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Biological Polymers


We studied two key biological polymers: actin and microtubules (MT). This was done using both bulk and single molecule techniques.


Microtubule Polymerization

Rhodamine-labelled tubulin was polymerized at different monomer concentrations. The current state of polymerization can be preserved in a two step process: the molecule Taxol is added to prevent depolymerization, and the solution is quickly diluted reducing the tubulin monomer concentration and hence preventing further polymerization. In this way snapshots of the reaction can be obtained under the microscope.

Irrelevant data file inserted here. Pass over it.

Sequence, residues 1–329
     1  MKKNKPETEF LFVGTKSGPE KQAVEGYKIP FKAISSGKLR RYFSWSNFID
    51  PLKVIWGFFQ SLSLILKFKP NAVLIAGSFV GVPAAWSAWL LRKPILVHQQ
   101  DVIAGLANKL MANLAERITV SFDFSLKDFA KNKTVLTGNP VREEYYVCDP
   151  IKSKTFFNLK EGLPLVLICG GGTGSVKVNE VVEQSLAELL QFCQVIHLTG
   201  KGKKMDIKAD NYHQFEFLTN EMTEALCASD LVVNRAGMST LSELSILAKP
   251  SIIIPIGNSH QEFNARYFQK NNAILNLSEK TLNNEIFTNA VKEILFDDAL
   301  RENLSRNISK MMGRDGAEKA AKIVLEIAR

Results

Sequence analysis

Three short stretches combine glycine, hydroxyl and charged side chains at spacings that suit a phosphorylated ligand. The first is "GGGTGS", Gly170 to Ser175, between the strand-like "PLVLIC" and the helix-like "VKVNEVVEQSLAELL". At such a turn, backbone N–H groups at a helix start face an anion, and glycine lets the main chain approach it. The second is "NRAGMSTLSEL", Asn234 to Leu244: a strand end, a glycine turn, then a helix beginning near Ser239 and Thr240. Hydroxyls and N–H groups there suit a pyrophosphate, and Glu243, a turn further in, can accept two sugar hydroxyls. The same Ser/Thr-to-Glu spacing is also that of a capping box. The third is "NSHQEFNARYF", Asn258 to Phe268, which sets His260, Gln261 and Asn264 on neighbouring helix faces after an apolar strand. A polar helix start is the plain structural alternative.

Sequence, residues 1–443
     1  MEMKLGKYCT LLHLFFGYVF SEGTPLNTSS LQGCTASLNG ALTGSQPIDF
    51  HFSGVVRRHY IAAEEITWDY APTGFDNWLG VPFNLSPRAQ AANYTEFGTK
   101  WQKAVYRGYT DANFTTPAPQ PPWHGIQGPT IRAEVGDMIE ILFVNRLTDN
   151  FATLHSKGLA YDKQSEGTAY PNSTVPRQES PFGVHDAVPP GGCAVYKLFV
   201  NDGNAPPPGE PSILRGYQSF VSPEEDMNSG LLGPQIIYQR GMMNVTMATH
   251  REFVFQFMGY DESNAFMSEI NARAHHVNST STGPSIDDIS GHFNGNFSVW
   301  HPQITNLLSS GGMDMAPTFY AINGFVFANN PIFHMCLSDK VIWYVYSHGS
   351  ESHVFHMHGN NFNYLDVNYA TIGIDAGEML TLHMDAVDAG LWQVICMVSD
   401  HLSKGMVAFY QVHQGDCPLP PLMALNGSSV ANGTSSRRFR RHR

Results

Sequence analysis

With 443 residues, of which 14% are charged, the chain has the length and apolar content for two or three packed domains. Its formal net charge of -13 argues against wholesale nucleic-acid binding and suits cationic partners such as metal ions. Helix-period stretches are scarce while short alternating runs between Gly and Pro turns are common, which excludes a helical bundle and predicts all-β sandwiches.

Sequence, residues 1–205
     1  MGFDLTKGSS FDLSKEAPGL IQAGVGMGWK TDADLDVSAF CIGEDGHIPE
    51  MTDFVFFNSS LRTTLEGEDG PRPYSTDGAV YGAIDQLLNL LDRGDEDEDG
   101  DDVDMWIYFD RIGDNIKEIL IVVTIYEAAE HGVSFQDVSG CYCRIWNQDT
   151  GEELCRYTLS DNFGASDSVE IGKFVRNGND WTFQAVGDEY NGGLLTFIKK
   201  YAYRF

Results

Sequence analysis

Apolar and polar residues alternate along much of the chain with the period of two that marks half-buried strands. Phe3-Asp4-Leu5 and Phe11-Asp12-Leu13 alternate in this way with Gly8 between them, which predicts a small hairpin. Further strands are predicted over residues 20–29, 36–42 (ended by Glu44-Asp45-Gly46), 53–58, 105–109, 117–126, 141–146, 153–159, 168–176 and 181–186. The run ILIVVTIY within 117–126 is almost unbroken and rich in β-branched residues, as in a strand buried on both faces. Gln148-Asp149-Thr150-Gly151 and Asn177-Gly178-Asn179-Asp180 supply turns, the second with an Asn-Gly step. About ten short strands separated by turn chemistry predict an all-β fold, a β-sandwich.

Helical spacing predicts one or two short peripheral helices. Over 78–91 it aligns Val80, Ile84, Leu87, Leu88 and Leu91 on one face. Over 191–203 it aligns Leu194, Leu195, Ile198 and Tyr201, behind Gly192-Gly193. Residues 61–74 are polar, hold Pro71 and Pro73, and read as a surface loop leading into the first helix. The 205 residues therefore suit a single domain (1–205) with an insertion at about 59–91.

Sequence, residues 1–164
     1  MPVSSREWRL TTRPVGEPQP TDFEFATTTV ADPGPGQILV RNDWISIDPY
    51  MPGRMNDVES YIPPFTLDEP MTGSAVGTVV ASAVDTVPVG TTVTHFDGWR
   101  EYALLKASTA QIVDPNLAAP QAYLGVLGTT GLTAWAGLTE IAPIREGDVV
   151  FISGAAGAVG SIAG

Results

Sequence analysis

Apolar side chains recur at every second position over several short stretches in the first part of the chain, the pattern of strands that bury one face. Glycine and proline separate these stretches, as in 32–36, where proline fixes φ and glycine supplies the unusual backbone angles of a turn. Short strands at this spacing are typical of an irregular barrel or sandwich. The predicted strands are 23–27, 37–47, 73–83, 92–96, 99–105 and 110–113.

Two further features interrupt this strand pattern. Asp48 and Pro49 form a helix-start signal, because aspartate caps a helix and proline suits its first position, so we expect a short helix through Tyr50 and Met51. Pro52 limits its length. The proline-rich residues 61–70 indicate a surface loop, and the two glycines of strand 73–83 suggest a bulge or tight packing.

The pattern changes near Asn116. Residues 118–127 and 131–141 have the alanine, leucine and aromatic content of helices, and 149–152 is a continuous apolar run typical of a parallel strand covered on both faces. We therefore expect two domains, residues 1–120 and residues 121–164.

The students wrote Matlab code to analyze the distribution of filament lengths. By stopping the reaction at different time points information about the kinetics of polymerization can be obtained.


Actin Polymerization

Similar to the beta-galactosidase assay (The Rate of Things), students used kinetic spectrophotmetry to watch the bulk polymerization of actin filaments and deduce the monomer association rate. Pyrene-labelled actin becomes fluorescent only upon polymerization; this gives a direct readout of the amount of actin in the filamentous form. The polymerization rate can be studied at different concentrations of monomer or in the presence of protein factors like Arp2/3. As with beta-gal, the polymerization is a linear kinetic process.

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